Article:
As Alaskans head to the polls in record numbers, they will be weighing in on what historians agree will be one of the most important elections in the state's 50-year history.
Not only will they cast their votes in a presidential election that includes Gov. Sarah Palin as a vice presidential candidate but they just may decide to end the political careers of Sen. Ted Stevens and Rep. Don Young, two members of Congress with extraordinary longevity and influence over the state.
"The election overall is a big one and an important one, and it's getting people engaged in the process," said Jerry McBeath, a political science professor at the University of Alaska Fairbanks.
"We will have more young voters and more minority voters than we have had in recent years - perhaps ever - and that means the prospect of losing one or two members (of Congress). That would be significant, just in changing the political color of the Alaska delegation."
With long lines forming for early voting at regional election centers, Alaskans are already deciding whether to return 40-year veteran Stevens and 36-year veteran Young, or send Anchorage Mayor Mark Begich or former state House Minority Leader Ethan Berkowitz in their place.
If voters throw out the old for the new, neither Democrat would have the clout that seniority carries, particularly in the Senate. They would have the advantage of belonging to what promises to remain for now the majority party in both bodies.
That affiliation would allow them to gain traction more quickly, said Steve Haycox, a history professor at the University of Alaska Anchorage.
"And they are going to have to learn what all the others have had to learn: how to educate Congress and explain Alaska's needs in a context that will allow them to continue funding in Alaska," he said.
Stevens and Young are masters at the game of bringing home federal dollars, which account for a third of the state's economic base. Without the veteran lawmakers, Haycox said the state would likely see a drop off in transportation funds and earmarks - the controversial provisions added onto legislation that direct money to a particular organization or project in a politician's home state.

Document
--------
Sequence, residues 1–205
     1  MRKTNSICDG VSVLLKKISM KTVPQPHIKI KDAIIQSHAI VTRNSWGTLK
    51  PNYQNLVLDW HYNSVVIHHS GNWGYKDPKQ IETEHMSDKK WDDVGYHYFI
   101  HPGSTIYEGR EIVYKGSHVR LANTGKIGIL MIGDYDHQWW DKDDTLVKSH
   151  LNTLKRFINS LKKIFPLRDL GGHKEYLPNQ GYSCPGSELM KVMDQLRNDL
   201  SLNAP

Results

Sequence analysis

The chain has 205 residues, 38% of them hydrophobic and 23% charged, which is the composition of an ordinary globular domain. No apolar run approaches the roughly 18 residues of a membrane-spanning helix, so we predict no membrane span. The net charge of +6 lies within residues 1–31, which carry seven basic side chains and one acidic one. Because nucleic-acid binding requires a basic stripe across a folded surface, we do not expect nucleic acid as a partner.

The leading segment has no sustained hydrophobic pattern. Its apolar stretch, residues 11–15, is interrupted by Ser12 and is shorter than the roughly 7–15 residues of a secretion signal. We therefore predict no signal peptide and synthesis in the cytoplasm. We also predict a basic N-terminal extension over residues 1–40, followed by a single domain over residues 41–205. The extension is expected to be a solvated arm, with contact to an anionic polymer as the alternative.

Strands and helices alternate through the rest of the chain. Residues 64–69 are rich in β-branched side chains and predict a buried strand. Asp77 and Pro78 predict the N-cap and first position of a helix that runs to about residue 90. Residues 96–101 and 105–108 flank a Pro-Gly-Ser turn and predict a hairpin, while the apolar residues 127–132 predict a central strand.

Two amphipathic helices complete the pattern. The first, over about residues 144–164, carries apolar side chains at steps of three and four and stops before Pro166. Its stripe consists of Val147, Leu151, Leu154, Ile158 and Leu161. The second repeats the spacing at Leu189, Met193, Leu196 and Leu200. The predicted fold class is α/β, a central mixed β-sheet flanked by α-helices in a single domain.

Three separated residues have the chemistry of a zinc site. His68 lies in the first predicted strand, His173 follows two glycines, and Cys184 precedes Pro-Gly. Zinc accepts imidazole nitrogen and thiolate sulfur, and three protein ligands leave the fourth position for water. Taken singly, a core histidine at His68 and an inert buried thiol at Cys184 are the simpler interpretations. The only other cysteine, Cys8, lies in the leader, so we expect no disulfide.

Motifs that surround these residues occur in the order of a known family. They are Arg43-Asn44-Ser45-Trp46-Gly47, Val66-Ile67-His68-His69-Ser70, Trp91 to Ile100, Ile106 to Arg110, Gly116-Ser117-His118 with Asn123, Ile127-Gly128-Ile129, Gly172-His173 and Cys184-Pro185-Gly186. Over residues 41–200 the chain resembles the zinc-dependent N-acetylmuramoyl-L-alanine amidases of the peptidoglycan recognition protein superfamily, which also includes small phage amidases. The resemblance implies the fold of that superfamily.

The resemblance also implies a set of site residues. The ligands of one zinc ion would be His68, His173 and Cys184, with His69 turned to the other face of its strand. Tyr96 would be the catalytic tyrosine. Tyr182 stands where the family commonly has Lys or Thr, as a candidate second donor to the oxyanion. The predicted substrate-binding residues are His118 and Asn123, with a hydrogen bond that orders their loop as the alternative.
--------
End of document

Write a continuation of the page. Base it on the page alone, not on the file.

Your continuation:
But both Stevens and Young also are weighed down by a continuing federal corruption probe that has reached deep into Alaska's political structure. Stevens was convicted last month of seven felony counts of lying on financial disclosure records, which he says he will appeal. Young is the subject of several federal investigations, although he has not been charged with anything.
The scandal is certain to be on voters' minds. Juneau economist George Rogers, who was a consultant to the 1955 Alaska Constitutional Convention, said the election is momentous because the federal corruption probe has exposed a need for fundamental change. He said too many political leaders have strayed from the ideals that launched the young state, allowing greed and partisan politics to prevail instead.
"I was hoping for a calm old age where we could say, 'Here we are. We did well.' But it's just the reverse," said Rogers.
With three former state legislators in jail - two for taking bribes from an oil services company - the election also becomes a referendum on the state's relationship to Big Oil, said Haycox. It was already in flux under the Palin administration, which not only raised taxes on the industry but stood its ground against the state's big three oil companies in crafting natural gas line legislation.
"The dependency (on the oil industry) flies in the face of the frontier rhetoric of independence and self reliance. Will the outcome continue the reshaping of our relationship with the oil industry? I don't foresee any retreat," said Haycox.
Asked what other elections carried similar weight, Haycox listed Wally Hickel's election as governor in 1966 with his promise to bring expertise to the state's budding relationship with oil. The 1974 election was also significant for newly elected Gov. Jay Hammond's emphasis on environmental responsibility, he said.
McBeath recalls the 1980 presidential election in which Republican Ronald Reagan ousted incumbent Democrat Jimmy Carter. The loss prompted Carter to sign into law, during the last days of his administration, the Alaska National Interest Lands Conservation Act. The sweeping federal legislation set aside 104 million acres of Alaska land for parks, national forests and other conservation units.
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